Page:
Roger Goodell’s job is on the brink.
His regime as commissioner has been marred with several black eyes for the league, culminating in the anti-American anthem protests.
Goodell recently spoke about the protests, and his words were infuriating.
Goodell recognized that fans don’t watch football to be lectured with a political message. And yet, he does nothing about it.
NFL Commissioner Roger Goodell tacitly acknowledged the damage done by the politicization of football in remarks delivered on Wednesday.
“People come to our stadiums to be entertained and have fun,” the commissioner noted, “not to be protested to.”
The remarks came as part of Bloomberg’s The Year Ahead Summit and reflect a recognition of a ratings decline and criticism from some sponsors. Though Goodell held that he hoped to learn from the concerns of players, he reiterated his desire that they stand for the national anthem.
“I think that’s one of the things I think when we have a platform the way we do, people seek to find that division and I think that’s something we try to resist,” Goodell explained of the protests. “And in this case I’ve been very clear about this — the anthem, the respect for our flag is very important. So, I want to see our players stand.”
Despite the league’s endorsement last month of federal legislation aimed at reforming federal prisons and sentencing, Goodell maintained that “politics is not something we do.”
Goodell is one of the few people on the planet who could actually do something about the NFL protests, but he seems to be paralyzed by fear.
Goodell’s role as commissioner is to be a steady hand. Instead, he’s shirked his responsibilities.
That inaction could cost him his job.
More from Breitbart:
Dallas Cowboys owner Jerry Jones seeks to stop the National Football League from extending the contract of Commissioner Roger Goodell. The New York Times and ESPN’s Outside the Lines both report Jones hiring superstar lawyer David Boies — attorney for the defendant in Bush v. Gore, for disgraced Hollywood mogul Harvey Weinstein, and for, yes, Roger Goodell’s NFL — in an effort to block Goodell’s contract.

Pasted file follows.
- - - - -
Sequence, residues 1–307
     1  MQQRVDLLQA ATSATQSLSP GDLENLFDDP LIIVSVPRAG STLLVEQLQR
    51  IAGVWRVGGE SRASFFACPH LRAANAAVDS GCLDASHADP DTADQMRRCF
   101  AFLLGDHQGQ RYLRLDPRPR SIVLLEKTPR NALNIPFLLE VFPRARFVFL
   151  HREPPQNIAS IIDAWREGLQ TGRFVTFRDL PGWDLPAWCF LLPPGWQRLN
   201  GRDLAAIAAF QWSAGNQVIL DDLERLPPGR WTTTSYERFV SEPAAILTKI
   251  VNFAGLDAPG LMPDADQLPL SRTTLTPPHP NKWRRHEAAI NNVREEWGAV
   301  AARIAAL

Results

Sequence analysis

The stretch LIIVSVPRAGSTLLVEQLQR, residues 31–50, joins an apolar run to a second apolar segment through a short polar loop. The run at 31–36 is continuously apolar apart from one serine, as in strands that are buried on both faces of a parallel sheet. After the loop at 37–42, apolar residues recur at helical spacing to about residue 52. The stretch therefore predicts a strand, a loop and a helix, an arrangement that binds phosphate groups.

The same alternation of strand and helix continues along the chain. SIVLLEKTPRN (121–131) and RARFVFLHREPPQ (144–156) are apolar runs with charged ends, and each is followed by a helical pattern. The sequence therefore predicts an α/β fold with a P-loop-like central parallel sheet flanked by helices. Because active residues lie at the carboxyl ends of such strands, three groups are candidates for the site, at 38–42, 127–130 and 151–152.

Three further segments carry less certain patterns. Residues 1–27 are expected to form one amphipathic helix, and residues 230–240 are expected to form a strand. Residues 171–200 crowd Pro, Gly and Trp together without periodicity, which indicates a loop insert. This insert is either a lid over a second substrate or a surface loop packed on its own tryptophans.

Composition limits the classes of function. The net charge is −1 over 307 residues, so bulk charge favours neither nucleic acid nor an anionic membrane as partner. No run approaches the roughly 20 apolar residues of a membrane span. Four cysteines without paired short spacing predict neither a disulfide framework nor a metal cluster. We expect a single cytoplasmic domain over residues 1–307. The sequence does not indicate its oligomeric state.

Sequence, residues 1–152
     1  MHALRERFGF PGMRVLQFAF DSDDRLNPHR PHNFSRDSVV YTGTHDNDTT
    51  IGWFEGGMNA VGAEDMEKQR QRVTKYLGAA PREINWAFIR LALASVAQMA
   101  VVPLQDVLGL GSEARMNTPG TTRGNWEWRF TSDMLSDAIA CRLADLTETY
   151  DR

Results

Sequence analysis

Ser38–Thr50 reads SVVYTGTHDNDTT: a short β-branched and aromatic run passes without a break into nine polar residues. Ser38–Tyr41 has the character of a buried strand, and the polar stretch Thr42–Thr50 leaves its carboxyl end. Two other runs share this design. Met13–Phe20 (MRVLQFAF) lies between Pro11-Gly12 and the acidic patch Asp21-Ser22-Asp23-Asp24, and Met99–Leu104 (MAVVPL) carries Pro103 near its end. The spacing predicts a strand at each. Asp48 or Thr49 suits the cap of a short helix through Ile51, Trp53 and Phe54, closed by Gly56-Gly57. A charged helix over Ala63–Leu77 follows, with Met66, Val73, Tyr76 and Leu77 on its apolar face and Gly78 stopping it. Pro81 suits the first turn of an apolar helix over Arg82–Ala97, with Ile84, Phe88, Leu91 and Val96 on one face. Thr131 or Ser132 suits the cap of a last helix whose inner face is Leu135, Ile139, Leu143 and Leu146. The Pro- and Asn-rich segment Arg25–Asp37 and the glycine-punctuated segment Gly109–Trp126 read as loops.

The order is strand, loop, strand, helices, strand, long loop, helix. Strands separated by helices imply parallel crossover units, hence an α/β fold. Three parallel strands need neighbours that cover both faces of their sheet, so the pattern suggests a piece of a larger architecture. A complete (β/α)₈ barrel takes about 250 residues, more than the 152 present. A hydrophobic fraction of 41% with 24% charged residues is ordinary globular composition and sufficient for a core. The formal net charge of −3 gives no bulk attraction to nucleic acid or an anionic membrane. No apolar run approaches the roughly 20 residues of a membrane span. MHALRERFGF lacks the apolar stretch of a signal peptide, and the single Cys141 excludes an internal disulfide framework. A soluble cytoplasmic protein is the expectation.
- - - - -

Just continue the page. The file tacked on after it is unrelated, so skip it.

The Times reported that “Jones said in a conference call last Thursday with the six owners — those of the Chiefs, Falcons, Giants, Patriots, Steelers and Texans — that legal papers were drawn up and would be served this Friday if the committee did not scrap its plans to extend Goodell’s contract.” When he informed those members of the compensation committee of his plans to sue the league, they reportedly asked him stay out of their group’s meetings.
ESPN’s Outside the Lines reports that its sources say “four or five owners” stand with Jones in opposing Goodell’s extension. ESPN noted the existence of about a half-dozen “fence-sitters” beyond the definite “no” votes. Given that the commissioner requires two-thirds of the owners to approve his deal, his job appears in some jeopardy. Jones need only convince those fence-sitters of Goodell’s incompetence, a service Goodell himself periodically provides for his critics, to stop the extension and shop for a new [commissioner].
Many are the crimes of Goodell against Jones’s franchise: lowering the team’s salary cap as punishment for excessive spending in an uncapped season, suspending Ezekiel Elliott six games after the league’s investigator recommended no suspension, and blocking the team’s effort to honor slain Dallas cops with a decal all come to mind. But Goodell’s weakness against the anthem kneelers, rather than any offense against the Cowboys, that seems to primarily motivate Jerry Jones.
Jerry Jones is arguably the most influential owner in all of American professional sports. If Goodell has lost his support, it may be prudent for him to update his resume.
Unlike Goodell, the owners won’t sit idly by and watch their billion-dollar investments go down the drain because the commissioner is afraid to act.